Can You List a Bedroom Without a Closet

image of bedroom without a closet

Have you ever been at odds with a client about how many bedrooms there are in a house? How many bedrooms you include in a listing matters. More bedrooms can attract buyers and raise the price of the house. They could also get you into hot water for false representation if you over state them.

What exactly makes a bedroom? A CRES client contacted our legal team because a seller wanted to list their house as a 4 bedroom. The seller insists it is a 4 bedroom home, because there is a fourth room upstairs that the sellers have used as a bedroom. This fourth room doesn’t have a closet, however. The question is whether you can list a bedroom without a closet.

Is It a Bedroom Without a Closet?

Unfortunately for the seller, a room without a closet isn’t considered a bedroom in many locations. There are exceptions to the closet rule, but it’s important to be clear about zoning laws and how they relate to bedroom requirements in your city, county, and state.

If your clients ask if a room may be classified as a bedroom, don’t overstep your expertise. County records will show how many bedrooms the house has been assessed for, which may or may not relate to closets.

Whether or not you need a closet, a room often has to meet other requirements to be called a bedroom. These include:

  • Minimum size requirements (often at least 70–80 square feet or at least 7 feet per horizontal direction)
  • Having more than one way out, such as a door to the exterior or a window (window size and height matters, too)
  • Heating and/or cooling options
  • Minimum height requirements (often 7 feet or higher for most of the room)
  • If the house has a septic system, the number of bedrooms may not exceed the septic capacity.

Some of these regulations affect particular parts of the house.  For example, converted storage space may lack windows or a second exit, attic rooms may have issues with sloping ceilings, basement rooms may not have properly sized or placed windows, 3-season porches may lack heat.

In other words, just because a seller has used a room as a bedroom, doesn’t mean you should advertise it as such.

Can You Make It a Bedroom?

So couldn’t the sellers just add a closet if they wanted to list a 4 bedroom house? They could, but County records show the home as a 3 bedroom. Adding a closet would likely require a permit and contacting the County to have their house reclassified as a 4 bedroom before they market it as such. Before deciding to go that route, the seller would also be wise to find out if the lack of a closet is the only reason the room isn’t considered a bedroom.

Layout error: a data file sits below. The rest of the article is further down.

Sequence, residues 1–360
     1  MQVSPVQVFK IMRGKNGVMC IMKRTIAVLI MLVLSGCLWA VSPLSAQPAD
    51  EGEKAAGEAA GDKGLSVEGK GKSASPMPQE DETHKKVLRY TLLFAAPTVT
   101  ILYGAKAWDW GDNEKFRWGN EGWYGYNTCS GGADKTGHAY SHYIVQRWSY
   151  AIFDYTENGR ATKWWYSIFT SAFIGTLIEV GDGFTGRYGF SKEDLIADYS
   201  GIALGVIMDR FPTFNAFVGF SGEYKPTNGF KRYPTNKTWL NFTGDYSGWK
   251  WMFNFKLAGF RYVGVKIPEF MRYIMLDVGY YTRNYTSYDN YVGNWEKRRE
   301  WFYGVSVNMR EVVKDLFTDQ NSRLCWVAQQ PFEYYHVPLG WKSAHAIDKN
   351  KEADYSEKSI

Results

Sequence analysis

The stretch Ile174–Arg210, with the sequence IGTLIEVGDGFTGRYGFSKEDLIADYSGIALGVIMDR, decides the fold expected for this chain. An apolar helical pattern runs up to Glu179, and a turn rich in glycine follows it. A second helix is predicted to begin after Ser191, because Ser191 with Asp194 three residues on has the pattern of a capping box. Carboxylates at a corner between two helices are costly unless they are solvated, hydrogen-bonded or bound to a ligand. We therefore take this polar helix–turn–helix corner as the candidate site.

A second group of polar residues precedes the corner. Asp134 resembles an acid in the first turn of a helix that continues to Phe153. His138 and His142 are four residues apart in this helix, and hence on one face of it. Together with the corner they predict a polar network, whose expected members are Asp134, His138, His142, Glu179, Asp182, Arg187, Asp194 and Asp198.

Often the safer and easier option is to advertise the property as a 3 bedroom with a den/office, nursery, or “bonus space.” This language lets potential buyers know that there is another room without getting you in trouble for listing a bedroom that isn’t really a bedroom.

If a room is legally considered a bedroom, but may not meet buyer expectations, consider how you want to market the house. For example, if you live in an area where closets are not required, but expected, you might choose to list a room without a closet, not as a bedroom, but as another type of room. Keep in mind that unmet expectations can lead to dissatisfaction and trigger lawsuits.

If you are a CRES client and have a question about classifying a bedroom or another legal issue related to a listing, call the CRES ClaimPrevent® Hotline. The hotline is available to our clients 7 days a week to help with any issues that put you at risk. (And we guarantee a response within 4 hours or next business day, with recommendations confirmed in writing.)

When has your professional opinion and a seller’s desires differed in how to list a property?

This blog/website is made available by CRES Insurance Services for educational purposes to give you general information and understanding of legal risks and insurance options, not to provide specific legal advice. This blog/website should not be used as a substitute for competent legal advice from a licensed professional attorney in your state. Claims examples are for illustrative purposes only. Read your policy for a complete description of what is covered and excluded.

Originally Published August 15, 2018

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